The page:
Applied Grammatology: Post(e)-Pedagogy from Jaques Derrida to Joseph Beuys (reviewed by Elle)

Thinking Culture

Elle Wolterbeek
November 27, 2004
Book Review #4

Applied Grammatology: Post(e)-Pedagogy from Jaques Derrida to Joseph Beuys
By Gregory L. Ulmer
The Johns Hopkins University Press, Baltimore and London, 1985.

Book Review:
Paul suggested that I read this book to better inform my understanding of composition studies in the current culture, as well as to further understand philosophy in education. I found this book to be both fascinating and dense at once. To help my understanding, I read the book Philosophy of Education by Nel Noddings concurrently, and this helped me a great deal. I used the second text for my fifth book review (also posted) and found this to be a great combination. While the books are quite different, the second text helped to form a foundation of knowledge that was quite applicable to the first text. So, if you are like me, and do not have a foundational knowledge of Derrida and his ideas of education, or the ideas of other philosophers (Dewey, Socrates, Plato, Rousseau, etc.), and you plan to read Applied Grammatology, than I would suggest reading both books, either at the same time (so that you can refer to different sections of each), or to start with Nel Noddings text and then move on to Ulmer’s. With that said, I will break down the primary ideas of Ulmer’s text in parts and chapters below. As I mentioned, the text is quite dense and presents a multitude of ideas and concepts, so I will share what I found to be the most influential and thought provoking.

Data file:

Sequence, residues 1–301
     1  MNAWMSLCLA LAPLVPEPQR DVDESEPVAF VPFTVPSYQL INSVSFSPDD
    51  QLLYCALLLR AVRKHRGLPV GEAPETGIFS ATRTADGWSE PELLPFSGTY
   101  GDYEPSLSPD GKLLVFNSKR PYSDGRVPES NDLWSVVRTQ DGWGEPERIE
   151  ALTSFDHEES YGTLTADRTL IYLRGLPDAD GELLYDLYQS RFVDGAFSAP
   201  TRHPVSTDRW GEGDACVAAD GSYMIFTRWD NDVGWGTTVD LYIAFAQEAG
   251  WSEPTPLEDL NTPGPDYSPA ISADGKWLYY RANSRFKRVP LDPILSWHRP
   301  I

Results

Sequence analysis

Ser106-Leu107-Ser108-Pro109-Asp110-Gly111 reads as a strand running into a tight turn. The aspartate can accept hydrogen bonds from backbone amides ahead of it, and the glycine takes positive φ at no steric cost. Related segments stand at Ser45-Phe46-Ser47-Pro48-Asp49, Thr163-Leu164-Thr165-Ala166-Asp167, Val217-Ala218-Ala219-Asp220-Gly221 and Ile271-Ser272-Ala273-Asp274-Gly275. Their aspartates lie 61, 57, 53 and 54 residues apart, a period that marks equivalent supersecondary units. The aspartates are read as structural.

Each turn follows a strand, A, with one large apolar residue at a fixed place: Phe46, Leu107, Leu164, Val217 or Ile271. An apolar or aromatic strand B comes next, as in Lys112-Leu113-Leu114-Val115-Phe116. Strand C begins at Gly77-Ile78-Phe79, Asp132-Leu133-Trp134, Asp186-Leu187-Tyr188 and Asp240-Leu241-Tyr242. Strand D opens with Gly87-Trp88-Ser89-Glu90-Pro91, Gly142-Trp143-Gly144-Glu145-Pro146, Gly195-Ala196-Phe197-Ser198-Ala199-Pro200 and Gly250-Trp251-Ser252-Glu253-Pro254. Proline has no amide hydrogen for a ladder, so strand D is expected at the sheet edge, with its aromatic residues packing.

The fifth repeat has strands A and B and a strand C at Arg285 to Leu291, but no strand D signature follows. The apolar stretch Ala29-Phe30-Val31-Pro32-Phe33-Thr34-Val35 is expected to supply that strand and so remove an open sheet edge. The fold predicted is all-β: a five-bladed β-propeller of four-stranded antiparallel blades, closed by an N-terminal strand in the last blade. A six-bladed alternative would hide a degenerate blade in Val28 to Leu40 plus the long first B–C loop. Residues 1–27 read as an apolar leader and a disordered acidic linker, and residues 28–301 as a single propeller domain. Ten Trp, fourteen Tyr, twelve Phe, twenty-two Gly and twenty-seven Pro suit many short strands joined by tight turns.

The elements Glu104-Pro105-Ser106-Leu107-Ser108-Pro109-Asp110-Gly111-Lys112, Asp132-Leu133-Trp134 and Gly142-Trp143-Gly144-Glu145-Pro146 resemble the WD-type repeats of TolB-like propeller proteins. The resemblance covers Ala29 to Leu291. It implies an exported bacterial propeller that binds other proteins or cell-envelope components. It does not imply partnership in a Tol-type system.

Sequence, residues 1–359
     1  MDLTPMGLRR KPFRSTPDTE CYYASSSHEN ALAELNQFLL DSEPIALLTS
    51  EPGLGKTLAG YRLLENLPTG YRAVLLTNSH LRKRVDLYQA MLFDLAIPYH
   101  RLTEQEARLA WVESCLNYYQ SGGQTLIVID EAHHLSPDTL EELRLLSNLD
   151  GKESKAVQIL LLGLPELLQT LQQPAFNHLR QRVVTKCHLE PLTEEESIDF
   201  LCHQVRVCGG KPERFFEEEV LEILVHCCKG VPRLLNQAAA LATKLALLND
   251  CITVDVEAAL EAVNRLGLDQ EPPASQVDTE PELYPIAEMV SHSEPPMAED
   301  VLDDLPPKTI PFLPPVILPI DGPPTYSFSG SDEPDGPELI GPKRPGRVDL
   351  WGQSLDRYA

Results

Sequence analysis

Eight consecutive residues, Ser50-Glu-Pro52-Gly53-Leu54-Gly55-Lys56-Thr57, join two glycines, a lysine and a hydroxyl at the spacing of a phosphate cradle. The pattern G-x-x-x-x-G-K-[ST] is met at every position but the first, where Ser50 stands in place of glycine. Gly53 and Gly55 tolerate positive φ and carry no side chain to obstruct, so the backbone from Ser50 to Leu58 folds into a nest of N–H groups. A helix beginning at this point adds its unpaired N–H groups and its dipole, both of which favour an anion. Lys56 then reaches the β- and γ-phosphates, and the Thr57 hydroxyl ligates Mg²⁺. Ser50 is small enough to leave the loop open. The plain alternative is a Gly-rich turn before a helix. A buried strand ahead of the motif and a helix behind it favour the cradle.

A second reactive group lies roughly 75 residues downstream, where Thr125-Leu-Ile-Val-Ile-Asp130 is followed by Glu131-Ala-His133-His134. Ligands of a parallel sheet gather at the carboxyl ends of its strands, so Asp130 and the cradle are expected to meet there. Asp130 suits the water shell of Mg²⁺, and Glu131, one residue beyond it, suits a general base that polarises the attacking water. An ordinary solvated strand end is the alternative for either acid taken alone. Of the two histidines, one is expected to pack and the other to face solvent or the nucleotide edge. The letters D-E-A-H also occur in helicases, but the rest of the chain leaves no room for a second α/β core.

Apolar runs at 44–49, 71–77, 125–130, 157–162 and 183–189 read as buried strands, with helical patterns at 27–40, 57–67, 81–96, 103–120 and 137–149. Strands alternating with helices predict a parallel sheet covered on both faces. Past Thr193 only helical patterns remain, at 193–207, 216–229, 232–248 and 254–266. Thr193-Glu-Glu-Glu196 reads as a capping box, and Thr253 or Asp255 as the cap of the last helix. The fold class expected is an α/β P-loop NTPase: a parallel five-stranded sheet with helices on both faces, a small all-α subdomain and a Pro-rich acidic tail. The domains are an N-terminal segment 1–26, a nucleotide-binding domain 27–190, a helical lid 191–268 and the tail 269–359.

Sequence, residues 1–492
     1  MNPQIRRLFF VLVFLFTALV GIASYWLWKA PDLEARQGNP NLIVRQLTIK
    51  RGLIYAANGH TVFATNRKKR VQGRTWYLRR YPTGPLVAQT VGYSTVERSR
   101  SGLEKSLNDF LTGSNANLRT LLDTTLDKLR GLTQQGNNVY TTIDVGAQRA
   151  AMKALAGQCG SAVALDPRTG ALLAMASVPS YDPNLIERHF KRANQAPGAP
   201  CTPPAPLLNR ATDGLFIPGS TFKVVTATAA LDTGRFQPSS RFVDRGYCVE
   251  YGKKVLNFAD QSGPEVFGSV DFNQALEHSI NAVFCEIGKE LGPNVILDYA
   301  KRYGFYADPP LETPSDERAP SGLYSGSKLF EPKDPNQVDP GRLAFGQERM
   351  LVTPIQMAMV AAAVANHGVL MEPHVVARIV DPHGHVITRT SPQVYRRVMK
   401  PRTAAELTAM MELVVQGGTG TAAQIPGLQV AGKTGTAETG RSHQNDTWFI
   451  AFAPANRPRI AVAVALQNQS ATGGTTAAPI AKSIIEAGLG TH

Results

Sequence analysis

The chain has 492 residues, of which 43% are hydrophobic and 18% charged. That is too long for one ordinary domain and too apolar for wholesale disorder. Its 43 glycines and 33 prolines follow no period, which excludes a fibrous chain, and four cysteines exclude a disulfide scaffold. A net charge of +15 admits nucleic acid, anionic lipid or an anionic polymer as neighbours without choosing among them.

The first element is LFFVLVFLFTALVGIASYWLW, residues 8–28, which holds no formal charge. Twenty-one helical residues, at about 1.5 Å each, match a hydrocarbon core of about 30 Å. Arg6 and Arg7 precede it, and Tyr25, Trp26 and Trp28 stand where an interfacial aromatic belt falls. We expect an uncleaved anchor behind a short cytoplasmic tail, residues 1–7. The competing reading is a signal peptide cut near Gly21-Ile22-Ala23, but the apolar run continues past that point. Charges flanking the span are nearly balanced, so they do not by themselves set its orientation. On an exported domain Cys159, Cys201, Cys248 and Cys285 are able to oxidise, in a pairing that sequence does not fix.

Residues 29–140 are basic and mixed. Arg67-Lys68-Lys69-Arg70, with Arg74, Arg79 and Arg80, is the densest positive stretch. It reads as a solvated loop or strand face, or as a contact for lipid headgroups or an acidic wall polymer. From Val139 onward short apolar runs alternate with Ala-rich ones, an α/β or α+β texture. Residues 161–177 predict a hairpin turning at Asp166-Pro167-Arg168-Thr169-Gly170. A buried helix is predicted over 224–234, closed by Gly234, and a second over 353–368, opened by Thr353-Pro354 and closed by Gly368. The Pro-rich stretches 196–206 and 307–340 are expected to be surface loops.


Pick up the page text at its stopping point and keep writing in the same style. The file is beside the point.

Part I.
Grammatology is defined, in this text, as a new organization of cultural studies. This text looks at grammatology as a new mode of writing, one that could bring the language and literature disciplines into a more responsive relationship with the current era of communication technology. Ulmer recognizes three theories/phases of writing:
• History of writing
• Theory of writing
• Application of both history and theory of writing (this would be considered grammatology).
Grammatology hopes to provide a theory for a mode of research that goes beyond the norm, which currently includes only the history of writing. During the 18th century (modernist) period it was realized that the science of writing occurred in literature, which caused theorists, philosophers, and educators alike to reconsider the manner in which writing was taught and considered. The metaphysical tradition is the primary obstacle of grammatology and Western metaphysics/thought leads to an instrumental and technist view of writing.